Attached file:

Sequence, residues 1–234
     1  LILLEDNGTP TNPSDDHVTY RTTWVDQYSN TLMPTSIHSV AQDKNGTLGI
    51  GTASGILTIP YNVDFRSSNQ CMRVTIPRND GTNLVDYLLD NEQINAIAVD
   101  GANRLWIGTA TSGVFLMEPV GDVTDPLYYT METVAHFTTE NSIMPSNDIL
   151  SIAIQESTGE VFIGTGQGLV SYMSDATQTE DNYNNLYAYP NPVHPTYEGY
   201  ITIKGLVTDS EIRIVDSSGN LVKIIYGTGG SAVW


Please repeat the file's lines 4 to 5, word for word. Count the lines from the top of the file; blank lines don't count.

   101  GANRLWIGTA TSGVFLMEPV GDVTDPLYYT METVAHFTTE NSIMPSNDIL
   151  SIAIQESTGE VFIGTGQGLV SYMSDATQTE DNYNNLYAYP NPVHPTYEGY